Full Text Available Introduction: This article compiles practices promoting fruits and vegetables consumption launched by eight members of AIAM5 - Global Alliance for Promoting Fruits and Vegetables Consumption “5 a day”, with the aim of identifying best practices in the approaching strategies, programs and activities to encourage fruits and vegetables consumption. Material and Methods: A questionnaire designed to categorize and identify strengths, weaknesses, opportunities, cost-effectiveness, feasibility and practices with the greatest potential to adapt to national health promoting policies, was used. Questionnaires from eight countries from AIAM5 were evaluated: Mexico, Chile, Costa Rica, Venezuela, Colombia, Bolivia, Nicaragua and Spain. Results: One of the greatest strengths of the organizations of AIAM5 is the prestige and the professional, technical and academic knowledge that back up their activities. One evident weakness of their strategies is the lack of measuring practices of the impact of the implemented activities, and the evaluation of their cost-effectiveness. It was also observed that some of the entities that carry out the programs “5 a day” are conceived as social enterprises with diverse types of partners and allies. Conclusions: It is recommended that AIAM5 members should make an effort to measure the impact of their activities and interventions by setting quantifiable goals, and using indicators to assess the degree of achievement of the activities carried out. It is also recommended to exploit the niche of opportunities provided by the Corporate Social Responsibility to help them achieve their objectives of promoting fruits and vegetables consumption.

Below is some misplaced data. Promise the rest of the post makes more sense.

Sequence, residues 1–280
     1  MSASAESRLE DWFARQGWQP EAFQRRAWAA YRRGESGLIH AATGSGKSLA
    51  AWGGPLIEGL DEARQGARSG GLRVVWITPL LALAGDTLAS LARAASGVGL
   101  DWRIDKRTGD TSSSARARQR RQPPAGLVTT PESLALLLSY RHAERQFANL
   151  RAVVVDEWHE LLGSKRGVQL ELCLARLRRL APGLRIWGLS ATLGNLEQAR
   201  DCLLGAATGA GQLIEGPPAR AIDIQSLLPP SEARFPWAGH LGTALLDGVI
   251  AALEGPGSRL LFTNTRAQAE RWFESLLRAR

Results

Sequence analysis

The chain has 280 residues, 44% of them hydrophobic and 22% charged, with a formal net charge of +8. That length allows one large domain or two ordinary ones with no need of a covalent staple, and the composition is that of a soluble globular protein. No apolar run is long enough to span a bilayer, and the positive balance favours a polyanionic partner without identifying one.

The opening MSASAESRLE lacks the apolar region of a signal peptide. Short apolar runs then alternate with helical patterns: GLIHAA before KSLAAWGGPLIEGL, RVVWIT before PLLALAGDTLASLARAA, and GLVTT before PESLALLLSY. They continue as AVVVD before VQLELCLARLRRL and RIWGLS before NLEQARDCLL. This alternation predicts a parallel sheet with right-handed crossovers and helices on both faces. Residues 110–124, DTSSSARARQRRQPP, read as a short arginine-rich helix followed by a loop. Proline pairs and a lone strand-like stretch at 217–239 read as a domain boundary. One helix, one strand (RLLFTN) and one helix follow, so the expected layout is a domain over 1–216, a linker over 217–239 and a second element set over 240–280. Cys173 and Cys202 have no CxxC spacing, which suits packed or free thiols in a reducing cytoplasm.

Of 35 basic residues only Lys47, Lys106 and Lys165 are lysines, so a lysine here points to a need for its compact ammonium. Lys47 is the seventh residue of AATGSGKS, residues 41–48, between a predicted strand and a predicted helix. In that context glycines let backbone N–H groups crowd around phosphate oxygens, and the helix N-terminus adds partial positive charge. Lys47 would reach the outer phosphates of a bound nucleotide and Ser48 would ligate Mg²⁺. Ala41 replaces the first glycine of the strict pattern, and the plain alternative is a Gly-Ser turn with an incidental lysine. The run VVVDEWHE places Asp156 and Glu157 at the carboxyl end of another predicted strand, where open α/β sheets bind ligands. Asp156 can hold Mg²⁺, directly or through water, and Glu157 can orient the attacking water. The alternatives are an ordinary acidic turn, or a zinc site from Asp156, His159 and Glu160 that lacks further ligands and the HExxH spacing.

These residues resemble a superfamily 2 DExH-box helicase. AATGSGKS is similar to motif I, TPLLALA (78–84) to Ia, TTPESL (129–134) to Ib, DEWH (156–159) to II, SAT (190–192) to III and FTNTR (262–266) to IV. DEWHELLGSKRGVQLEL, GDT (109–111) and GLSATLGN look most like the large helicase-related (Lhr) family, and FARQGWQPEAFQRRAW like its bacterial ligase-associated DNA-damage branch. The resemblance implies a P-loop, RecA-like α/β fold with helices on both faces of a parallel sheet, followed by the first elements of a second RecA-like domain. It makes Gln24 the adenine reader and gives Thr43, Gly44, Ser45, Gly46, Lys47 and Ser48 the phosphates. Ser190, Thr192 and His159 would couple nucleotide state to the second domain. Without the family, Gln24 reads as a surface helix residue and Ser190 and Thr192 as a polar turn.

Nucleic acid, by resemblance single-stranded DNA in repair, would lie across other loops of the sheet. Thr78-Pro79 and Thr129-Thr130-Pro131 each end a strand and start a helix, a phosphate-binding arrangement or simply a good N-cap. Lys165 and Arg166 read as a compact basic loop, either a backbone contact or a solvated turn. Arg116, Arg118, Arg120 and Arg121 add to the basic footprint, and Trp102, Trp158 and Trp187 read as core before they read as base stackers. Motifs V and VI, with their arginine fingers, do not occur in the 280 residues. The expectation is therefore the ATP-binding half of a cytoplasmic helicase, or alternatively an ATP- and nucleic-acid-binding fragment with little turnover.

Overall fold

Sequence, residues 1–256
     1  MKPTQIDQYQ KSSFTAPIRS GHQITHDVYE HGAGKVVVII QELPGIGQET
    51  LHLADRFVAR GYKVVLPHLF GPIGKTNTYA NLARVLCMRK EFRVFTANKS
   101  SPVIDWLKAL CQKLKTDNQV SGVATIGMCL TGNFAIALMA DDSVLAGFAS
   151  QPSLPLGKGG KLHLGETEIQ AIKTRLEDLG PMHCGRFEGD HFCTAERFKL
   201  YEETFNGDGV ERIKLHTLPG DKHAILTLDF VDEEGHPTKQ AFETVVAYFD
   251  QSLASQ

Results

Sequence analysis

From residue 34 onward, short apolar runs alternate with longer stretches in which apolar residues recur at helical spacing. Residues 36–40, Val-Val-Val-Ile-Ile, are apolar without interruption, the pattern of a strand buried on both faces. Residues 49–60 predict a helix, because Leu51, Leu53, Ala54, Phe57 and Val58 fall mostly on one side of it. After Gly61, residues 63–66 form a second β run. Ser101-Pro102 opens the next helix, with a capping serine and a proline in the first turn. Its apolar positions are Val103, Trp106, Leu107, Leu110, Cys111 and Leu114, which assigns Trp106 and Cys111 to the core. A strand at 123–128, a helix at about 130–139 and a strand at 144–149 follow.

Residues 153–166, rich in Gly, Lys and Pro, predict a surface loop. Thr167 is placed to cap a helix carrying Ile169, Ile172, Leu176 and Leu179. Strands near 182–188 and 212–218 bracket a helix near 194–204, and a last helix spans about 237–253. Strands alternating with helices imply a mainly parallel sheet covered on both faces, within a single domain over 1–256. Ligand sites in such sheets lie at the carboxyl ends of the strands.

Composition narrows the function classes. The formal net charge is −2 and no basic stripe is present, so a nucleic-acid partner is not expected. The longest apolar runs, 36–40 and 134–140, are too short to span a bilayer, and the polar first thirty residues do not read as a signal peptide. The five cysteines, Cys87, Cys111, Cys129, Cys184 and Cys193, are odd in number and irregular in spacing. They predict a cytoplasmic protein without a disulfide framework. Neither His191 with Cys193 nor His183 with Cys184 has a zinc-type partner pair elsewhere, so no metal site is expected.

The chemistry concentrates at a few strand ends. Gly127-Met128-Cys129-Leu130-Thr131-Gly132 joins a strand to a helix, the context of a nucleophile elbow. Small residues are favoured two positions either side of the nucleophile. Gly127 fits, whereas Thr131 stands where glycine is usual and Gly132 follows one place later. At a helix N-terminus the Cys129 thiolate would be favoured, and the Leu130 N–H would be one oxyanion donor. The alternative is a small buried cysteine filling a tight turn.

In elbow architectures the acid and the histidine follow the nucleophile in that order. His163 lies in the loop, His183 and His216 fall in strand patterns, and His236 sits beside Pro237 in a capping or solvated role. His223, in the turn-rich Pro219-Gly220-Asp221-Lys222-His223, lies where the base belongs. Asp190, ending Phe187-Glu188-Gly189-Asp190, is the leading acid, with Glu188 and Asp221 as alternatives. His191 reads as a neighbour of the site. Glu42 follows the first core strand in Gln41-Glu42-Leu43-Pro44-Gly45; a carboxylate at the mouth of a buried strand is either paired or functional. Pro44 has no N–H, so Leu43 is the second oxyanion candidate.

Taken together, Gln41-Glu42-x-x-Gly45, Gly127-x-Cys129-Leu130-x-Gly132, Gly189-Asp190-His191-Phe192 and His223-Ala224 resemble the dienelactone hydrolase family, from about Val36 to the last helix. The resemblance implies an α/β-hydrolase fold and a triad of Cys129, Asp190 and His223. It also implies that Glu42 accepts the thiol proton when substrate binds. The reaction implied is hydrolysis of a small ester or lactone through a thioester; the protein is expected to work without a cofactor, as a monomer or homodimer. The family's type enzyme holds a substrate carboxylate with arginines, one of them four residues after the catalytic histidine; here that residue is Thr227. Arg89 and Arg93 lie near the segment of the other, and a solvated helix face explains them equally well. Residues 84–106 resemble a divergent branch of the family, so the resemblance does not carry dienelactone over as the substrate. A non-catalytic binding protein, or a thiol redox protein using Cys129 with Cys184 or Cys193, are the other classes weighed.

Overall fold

6. Reactor physics activities in NEA member countries

    International Nuclear Information System (INIS)

    1990-01-01

    This document is a compilation of National activity reports presented at the thirty-third Meeting of the NEA Committee on Reactor Physics, held at OECD Headquarters, Paris, from 15th - 19th October 1990

  7. Country clustering applied to the water and sanitation sector: a new tool with potential applications in research and policy.

    Science.gov (United States)

    Onda, Kyle; Crocker, Jonny; Kayser, Georgia Lyn; Bartram, Jamie

    2014-03-01